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Editorial: A balanced Erie County budget

Erie County Executive Mark C. Poloncarz has presented to the public a plain vanilla $1.7 billion budget for 2020.

Indeed, one might call it the perfect election-year package, gift-wrapped and delivered two weeks earlier than expected. Timing is everything and the general election is only one month away.

The county executive has crafted a budget that, apart from new state-mandated positions, offers to do what residents expect – controlling costs while taking care of roads and bridges, education, technology and human services.

But those mandates: Most of 69 new positions the budget proposes are tied to new state requirements regarding the District Attorney’s Office, the county Health Department, the Sheriff’s Office and the Probation Department.

All may be defensible, but the cost to taxpayers is $2.3 million. In the DA’s Office, for example, 18 new positions are tied to reforms that are meant to speed up criminal trials. Nevertheless, they add to the costs that local taxpayers must absorb in a state where local taxes are high and can be crushing.

Poloncarz’s budget nonetheless limits the increase in spending and lowers the county tax rate. Expenditures would rise by 1.67%, or $19 million over the current year while the tax levy – the total amount of property taxes collected – would increase by $10.8 million or 3.5%, because of rising property values. That’s a larger increase than in the current year’s budget, but smaller than the prior three years.

With those higher values, the projected the countywide tax rate – the amount of taxes paid per $1,000 of assessed value – would fall to $4.72 from $4.84. Again, the tax rate would decline because Erie County property values are increasing overall.

Of course, the looming threat to Erie County and every other municipality is the economy which, at some point, experts predict will weaken. Roughly one-third of the county’s budget – close to $500 million – is supported by sales tax revenues. If it goes down it will signal trouble, though the county has a buffer in its reserves and a strong property tax base.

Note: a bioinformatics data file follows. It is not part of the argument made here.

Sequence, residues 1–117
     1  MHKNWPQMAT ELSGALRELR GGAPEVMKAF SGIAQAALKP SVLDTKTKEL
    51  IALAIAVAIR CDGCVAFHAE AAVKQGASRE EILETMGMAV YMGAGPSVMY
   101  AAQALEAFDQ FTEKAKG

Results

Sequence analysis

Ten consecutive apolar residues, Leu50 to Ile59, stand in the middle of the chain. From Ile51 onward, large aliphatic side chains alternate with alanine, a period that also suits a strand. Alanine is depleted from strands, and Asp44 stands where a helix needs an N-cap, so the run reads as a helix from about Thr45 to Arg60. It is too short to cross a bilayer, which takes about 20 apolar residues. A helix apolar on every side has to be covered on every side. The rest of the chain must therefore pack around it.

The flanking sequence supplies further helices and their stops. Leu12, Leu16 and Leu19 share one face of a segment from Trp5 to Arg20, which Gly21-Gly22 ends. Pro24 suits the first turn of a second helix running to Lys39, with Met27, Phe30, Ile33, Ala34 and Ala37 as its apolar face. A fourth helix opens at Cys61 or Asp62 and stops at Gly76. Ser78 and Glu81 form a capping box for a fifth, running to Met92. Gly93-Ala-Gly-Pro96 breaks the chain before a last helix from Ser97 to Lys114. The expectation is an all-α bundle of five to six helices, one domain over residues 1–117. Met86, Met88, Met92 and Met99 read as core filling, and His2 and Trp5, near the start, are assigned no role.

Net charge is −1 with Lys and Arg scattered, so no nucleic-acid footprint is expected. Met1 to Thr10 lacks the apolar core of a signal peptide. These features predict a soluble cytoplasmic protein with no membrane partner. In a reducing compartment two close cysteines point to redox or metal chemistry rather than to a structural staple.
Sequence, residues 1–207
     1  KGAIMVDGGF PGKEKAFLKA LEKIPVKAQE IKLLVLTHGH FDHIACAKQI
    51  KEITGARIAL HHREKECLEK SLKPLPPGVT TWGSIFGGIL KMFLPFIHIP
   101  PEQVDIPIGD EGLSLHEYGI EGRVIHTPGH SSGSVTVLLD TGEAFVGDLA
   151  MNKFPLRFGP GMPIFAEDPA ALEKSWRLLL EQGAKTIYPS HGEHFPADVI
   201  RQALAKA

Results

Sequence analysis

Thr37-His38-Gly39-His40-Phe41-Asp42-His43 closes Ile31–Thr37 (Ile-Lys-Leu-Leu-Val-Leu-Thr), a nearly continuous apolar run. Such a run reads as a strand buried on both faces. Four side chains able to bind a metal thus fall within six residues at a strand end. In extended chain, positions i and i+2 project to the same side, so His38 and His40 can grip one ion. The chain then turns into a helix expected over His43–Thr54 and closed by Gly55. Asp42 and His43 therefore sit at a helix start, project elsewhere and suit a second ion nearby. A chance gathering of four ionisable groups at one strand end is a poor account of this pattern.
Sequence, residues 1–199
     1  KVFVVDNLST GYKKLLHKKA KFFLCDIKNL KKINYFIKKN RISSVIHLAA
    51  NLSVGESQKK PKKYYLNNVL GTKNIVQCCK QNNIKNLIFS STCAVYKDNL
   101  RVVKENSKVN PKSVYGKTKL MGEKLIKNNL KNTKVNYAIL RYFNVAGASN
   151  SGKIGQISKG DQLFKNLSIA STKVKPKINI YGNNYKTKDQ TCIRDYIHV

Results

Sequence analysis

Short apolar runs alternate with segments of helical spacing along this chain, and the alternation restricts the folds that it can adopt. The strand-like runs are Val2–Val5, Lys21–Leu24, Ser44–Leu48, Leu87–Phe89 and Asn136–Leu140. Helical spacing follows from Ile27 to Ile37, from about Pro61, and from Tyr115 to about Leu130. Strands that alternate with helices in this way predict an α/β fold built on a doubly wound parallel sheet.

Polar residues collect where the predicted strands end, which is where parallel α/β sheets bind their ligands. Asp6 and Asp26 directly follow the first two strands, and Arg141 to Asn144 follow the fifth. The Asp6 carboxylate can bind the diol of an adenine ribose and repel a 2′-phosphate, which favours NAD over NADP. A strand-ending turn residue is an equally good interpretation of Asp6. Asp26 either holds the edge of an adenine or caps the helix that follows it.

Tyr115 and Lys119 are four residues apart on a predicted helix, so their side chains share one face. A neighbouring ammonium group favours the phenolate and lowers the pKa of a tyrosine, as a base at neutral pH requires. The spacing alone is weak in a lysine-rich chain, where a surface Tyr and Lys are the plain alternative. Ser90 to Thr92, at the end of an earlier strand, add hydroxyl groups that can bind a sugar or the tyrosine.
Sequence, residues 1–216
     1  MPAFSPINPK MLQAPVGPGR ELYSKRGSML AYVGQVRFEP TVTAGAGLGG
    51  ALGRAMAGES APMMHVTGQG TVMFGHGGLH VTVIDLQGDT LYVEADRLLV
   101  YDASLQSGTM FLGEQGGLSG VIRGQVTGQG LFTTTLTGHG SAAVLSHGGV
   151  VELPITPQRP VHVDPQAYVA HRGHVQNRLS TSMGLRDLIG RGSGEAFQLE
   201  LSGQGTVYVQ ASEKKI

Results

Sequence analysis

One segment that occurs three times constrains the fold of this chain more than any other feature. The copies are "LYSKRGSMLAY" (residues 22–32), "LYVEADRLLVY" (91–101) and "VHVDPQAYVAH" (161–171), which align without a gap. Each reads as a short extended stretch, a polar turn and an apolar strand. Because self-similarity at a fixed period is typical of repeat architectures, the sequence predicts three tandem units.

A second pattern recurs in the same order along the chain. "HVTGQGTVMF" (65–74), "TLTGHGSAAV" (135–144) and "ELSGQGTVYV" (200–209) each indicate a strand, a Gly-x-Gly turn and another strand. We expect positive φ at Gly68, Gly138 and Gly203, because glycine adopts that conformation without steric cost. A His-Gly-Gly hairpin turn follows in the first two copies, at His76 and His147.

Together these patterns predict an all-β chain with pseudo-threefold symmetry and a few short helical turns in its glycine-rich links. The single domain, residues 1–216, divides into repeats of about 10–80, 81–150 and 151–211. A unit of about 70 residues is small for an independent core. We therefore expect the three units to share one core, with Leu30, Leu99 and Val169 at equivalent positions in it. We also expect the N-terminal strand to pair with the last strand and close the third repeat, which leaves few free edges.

The budget does a good job remaining under the state property tax cap and using no undesignated county savings. It also lacks any exciting new initiatives. “We don’t have the money for it,” Poloncarz said, describing the budget proposal as “lean,” though driven by those largely unfunded state mandates.

The state too often shirks its responsibility when instituting initiatives, however fair and necessary, by not coming up with a way to pay the bill or at least defray most of the cost. Besides the additions to the DA’s Office, the Health Department would get 12 new jobs to meet stricter lead poisoning testing standards. While that will help protect children, it will also add about 1,500 new lead poisoning cases and environmental assessments to the department’s already full slate of work.

The budget also includes a significant raise for whoever wins next month’s county executive election. The increase of $14,948 will produce a salary of $118,376 and was recommended by the independent Citizens Salary Review Commission. Other county officials will also get raises but, as with the county executive, only after the next election in those offices.

Poloncarz is running for reelection, so the budget will inevitably – and appropriately – be viewed through that lens. But it appears on first view to be a responsible and conservative document that meets growing state demands while limiting the impact on property owners.

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